John Cooper and Elizabeth Reeve , of St. Dunstan in the West , were indicted for counterfeiting 20 pieces of Gold of the current Coin of Portugal called Moidores, of the value of 27 s. each, on the 3d of July last, intending thereby to deceive and defraud his Majesty's Subjects.

Mr. Westley deposed, that the Widow Holmes came to him for 2 Pound of Soap, and gave him a Moidore; that he gave her Change out of it, that she came that Day Week with another, and he stopt her, sent the Moidore to the Goldsmith to ask if it was good, and it proved counterfeit: that Holmes said she had it of Reeve; that searching Cooper's House they found five False Moidores and a Silver Piece in a little Drawer, and Aqua-fortis, Quicksilver, Crucibles, Etc. That Cooper owned the Moidores were his, and that Reeves had those of him, which she gave to Holmes.

Margery Holmes deposed, that she had the Moidores of Reeve, a dozen at several times; that she used sometimes to give her Drink, sometimes 6 d. for changing them. And that she carried 2 to Mr. Westley. Richard Ware deposed, that when Holmes was stopt, she said she had the first of a Gentleman in the Temple, the last from Reeve: that he went to Cooper's House, who said he gave em to Reeve to change, she to Holmes, and he would go and clear her. And that he had taken 16 of a Jew for a Watch: And that Holmes owned she had put off several.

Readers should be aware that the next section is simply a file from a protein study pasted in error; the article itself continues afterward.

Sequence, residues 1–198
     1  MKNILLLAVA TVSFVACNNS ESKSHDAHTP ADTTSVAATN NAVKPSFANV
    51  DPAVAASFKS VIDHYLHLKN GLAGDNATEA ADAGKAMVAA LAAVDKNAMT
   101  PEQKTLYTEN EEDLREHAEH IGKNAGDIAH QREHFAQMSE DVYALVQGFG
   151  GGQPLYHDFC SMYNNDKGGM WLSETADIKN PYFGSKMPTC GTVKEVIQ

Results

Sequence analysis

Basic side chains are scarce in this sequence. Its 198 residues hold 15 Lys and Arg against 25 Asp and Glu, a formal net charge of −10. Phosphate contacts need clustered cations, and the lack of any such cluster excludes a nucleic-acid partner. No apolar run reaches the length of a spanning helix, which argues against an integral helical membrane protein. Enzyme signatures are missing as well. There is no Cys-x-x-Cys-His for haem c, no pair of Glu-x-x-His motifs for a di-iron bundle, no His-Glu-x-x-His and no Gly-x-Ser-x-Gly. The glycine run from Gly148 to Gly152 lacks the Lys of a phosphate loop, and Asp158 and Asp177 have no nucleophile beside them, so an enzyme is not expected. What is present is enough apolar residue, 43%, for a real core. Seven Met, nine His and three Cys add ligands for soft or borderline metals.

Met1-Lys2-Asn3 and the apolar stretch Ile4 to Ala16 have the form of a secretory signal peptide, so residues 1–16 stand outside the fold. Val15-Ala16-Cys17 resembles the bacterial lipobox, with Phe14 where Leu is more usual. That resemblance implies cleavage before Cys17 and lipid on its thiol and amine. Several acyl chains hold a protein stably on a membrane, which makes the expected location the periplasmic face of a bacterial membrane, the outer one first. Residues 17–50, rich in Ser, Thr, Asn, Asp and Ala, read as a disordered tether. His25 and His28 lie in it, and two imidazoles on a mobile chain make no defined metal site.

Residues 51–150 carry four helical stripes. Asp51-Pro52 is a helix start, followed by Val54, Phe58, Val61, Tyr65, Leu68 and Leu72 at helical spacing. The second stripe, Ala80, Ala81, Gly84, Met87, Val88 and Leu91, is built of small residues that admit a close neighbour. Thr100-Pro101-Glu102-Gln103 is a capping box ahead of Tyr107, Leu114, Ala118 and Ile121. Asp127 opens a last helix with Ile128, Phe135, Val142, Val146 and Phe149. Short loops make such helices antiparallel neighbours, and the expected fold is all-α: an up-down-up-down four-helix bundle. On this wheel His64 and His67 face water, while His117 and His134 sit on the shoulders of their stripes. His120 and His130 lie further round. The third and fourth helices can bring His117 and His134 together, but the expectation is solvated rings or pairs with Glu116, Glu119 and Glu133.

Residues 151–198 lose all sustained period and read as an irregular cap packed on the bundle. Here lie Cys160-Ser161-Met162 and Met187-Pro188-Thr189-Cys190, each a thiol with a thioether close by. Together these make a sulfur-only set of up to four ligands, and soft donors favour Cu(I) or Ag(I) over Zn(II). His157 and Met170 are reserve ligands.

Mr. Sparks deposed that he searcht Cooper's House with Mr. Pinkney, and found the Tools produced in Court, as 2 Dies, Crucibles, Quicksilver, Flatted Gold, a Vice, and other Implements for Coining. Mr. Bellasis deposed, that Mr. Westley came to have him try if a Moidore was good, that his Man Weigh'd and Toucht it and thought it so; but he (this Evidence) to be satisfied, turn'd it up with his Graver, and discover'd Silver underneath. That he try'd the 5 found in the Drawer with his Graver, and found them to be the same: that they were of the same Weight with the true Moidores, made of the finest Silver, and sealed over with Gold; that it bore the Touch, and he try'd it with Aquafortis, and it bore that. That Mr. Cooper owned he gave them to Reeve to change, and said he took 16 of a Jew: And that Reeve said he took 7 or 8 of a Captain. Mr. Bembridge deposed that he had 5 of those that were delivered to my Lord Mayor by the Constable, and produced 3 of them, that a Silver Crusade and a Moidores were deliver'd to Mr. Pinkney, that one of the Moidores was cut to make an Essay, and it proved false, viz. Silver Plated. Mr. Smith deposed that the Prisoners used to buy fine Silver of him, and gave 6 s. an Ounce for it. That in 2 or 3 Months he bought once 29 Ounces, and twice 30 Ounces at a time. That it's heavier than Common Silver; that he believed he might have sold him 180 Ounces or thereabouts at several times; and that one Ounce would make 3 of those Counterfeit Moidores.